No Tenancy agreement

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    No Tenancy agreement

    Any advice here would be much appreciated-

    A friend of mine has been in a house share ( sharing with 2 others ) for quite a few years. Landlord lives in another City so never visits the property and has informed them that he plans to sell. No one in the property has been given a tenancy agreement, deposit isn’t protected and no gas safety certificate given and from what I know there’s no HMO licence either. From what I read on these forums it seems the landlord has really got everything wrong here. He’s been talking about giving them 2 months notice to vacate.
    what are their rights ?

    #2
    Assuming this is in England or Wales there is a tenancy agreement it’s just not written down. If the landlord issues a Section 21 it will be invalid if he had taken a deposit and not protected it etc, etc.

    Your friend and other other tenants would be in a very strong position to negotiate a nice cash sum in return for agreeing to surrender the property.

    Comment


      #3
      In England.
      I’m not sure they’d want to move just yet as their in the middle of Uni exams, they’d be hoping to be there until at least September.
      So basically he has no chance of eviction? What would happen then because he wants to sell the property?

      Comment


        #4
        Doesn’t sound like the landlord has a snowball’s chance in hell of being able to use the Section 21 route. Could he use one of the Section 8 mandatory grounds to evict…very unlikely unless your friends fall into arrears


        He could sell the property with the tenants in-situ. Who would want to buy a property with tenants you can’t evict though?

        Suggest your friends contact Shelter for advice if they are concerned about their housing situation.

        Comment


          #5
          There's no automatic need to license a three person HMO, it would be something the local authority have the ability to impose, though.
          So, the first thing to do is check the council website for the local HMO rules.
          If it requires licensing and it isn't, it's not possible for the landlord to serve a no fault (section 21) notice until they apply for one.
          It might also be possible for the tenants to claim some rent back.
          But if there's no requirement to licence it, all that is academic.

          Not protecting the deposit and no Gas Safety Check (assuming there's gas) are also fatal to a section 21 notice, so if one is served, it can be, essentially ignored.
          So that would probably get the tenants to about March.
          What happens then is a matter for negotiation - based on what you've said, the landlord simply won't be able to evict them ever, the deposit can be returned to correct that, but you can't fix the Gas Safety Certificate.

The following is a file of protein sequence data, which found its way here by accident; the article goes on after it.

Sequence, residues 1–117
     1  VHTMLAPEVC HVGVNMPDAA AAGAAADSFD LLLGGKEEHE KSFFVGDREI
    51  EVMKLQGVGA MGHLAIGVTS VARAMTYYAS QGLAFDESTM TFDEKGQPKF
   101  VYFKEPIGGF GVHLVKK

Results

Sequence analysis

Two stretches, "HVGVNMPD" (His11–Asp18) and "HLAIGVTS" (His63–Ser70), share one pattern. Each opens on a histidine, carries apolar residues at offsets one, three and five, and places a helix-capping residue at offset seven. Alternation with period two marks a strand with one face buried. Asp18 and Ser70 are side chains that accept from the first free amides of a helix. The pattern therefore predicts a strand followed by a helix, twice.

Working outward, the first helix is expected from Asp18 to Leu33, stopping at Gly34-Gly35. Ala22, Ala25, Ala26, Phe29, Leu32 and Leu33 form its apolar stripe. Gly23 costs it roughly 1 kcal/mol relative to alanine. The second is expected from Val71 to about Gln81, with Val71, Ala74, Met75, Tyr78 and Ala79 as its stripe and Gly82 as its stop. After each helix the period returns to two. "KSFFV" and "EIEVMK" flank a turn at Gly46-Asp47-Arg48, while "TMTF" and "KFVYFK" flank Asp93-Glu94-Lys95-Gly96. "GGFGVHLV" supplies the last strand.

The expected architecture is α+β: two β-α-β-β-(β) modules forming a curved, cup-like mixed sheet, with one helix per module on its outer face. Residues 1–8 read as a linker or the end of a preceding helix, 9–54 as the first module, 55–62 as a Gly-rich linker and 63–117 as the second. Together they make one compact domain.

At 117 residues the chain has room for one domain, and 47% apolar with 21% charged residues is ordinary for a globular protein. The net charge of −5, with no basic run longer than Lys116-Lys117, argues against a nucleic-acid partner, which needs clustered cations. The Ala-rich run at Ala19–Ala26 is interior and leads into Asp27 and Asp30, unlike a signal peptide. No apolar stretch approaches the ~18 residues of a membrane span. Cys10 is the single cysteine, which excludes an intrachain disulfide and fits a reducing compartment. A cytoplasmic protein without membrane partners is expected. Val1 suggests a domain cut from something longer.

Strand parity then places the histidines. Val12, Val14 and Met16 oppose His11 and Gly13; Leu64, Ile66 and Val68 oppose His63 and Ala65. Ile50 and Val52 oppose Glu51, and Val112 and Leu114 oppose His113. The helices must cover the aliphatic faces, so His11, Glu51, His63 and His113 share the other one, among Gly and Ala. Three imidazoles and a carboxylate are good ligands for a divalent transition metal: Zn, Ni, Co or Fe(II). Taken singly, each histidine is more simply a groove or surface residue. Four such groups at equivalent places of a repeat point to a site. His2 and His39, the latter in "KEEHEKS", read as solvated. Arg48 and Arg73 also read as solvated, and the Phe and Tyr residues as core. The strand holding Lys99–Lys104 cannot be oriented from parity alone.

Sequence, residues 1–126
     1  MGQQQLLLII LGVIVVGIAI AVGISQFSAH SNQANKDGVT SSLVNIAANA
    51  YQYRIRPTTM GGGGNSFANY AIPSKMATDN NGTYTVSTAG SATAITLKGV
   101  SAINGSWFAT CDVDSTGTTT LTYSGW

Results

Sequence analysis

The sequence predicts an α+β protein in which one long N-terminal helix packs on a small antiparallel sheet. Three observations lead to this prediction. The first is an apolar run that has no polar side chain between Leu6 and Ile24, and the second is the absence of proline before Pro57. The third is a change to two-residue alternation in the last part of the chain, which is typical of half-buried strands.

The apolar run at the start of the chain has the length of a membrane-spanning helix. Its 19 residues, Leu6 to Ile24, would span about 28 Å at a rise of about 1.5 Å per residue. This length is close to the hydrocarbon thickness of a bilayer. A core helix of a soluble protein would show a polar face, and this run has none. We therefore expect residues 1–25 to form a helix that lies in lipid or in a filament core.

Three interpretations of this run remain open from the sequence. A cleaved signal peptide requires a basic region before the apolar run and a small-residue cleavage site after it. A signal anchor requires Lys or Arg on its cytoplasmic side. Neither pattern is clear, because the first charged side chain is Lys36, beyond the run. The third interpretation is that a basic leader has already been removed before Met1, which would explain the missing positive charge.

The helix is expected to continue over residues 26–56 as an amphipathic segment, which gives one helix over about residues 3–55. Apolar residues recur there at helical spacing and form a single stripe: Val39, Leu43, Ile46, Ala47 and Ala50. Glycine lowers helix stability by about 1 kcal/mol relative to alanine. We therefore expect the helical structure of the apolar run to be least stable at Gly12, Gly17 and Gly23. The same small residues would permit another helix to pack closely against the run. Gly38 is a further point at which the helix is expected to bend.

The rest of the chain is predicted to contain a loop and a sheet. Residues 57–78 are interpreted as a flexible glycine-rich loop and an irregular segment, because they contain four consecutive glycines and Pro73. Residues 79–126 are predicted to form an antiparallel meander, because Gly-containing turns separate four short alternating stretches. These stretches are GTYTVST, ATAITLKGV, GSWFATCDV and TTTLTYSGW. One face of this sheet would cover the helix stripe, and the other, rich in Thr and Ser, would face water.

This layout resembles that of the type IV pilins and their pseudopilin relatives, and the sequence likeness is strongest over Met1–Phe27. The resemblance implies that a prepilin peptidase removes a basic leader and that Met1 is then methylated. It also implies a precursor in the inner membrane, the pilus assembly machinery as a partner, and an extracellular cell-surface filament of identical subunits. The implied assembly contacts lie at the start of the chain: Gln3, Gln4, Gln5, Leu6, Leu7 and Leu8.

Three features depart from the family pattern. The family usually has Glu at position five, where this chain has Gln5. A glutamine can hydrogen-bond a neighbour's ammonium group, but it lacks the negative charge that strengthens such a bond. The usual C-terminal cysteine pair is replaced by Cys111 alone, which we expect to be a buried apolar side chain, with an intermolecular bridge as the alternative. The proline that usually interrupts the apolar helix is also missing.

Your friends should probably simply wait for the landlord to understand his/her position.
          If they want to be there until September, that's probably achievable.
          When I post, I am expressing an opinion - feel free to disagree, I have been wrong before.
          Please don't act on my suggestions without checking with a grown-up (ideally some kind of expert).

          Comment


            #6
            Thank you .
            I did the online HMO test for their Council and it’s saying the flat should have the ‘additional HMO license’.
            so basically if there is no paperwork at all how do you prove that you’ve even paid a deposit ?
            Am I correct in thinking to serve a section 21 these 4 things need to be in place
            1) deposit protected ( or returned to tenant if it wasn’t )
            2) gas safety certificate
            3) how to rent guide .
            4)HMO license

            Could he serve a section 8 without the above 4 things ?

            Comment


              #7
              Thanks for the advice

              so basically they could be there for years if they wanted ? Unless they fall into arrears ( then he could issue a section 8)?

              Comment


                #8
                Originally posted by Dominicaldis View Post
                Am I correct in thinking to serve a section 21 these 4 things need to be in place
                1) deposit protected ( or returned to tenant if it wasn’t )
                2) gas safety certificate
                3) how to rent guide .
                4)HMO license
                Plus an EPC

                1 - The landlord can't protect the deposit to fix the problem, they'd have to return it.
                2 - That can't be fixed. No GSC when the tenancy began can't be corrected.
                3 - Yes, it has to be the one in place when the tenancy began.
                4 - Yes.

                Could he serve a section 8 without the above 4 things ?
                Yes.
                But a section 8 has a series of specific grounds and one of those would have to apply - and the only one that might be used that isn't reliant on the tenant doing something wrong, like stopping paying rent, is that the landlord wants to move in.

                If a licence is required, when the tenants move out, they would be able to claim up to 12 months rent from the landlord with the support of the council.
                That is something that can be used in any negotiation with the landlord.

                To be fair, other than threatening the evict them, if the landlord has been decent otherwise, it's possibly just ignorant of the landlord.
                Most student lets are handled by landlord's who specialise in them, and, normally, tenancies have a fixed term linked to the academic year, so there's no risk of being evicted during term time.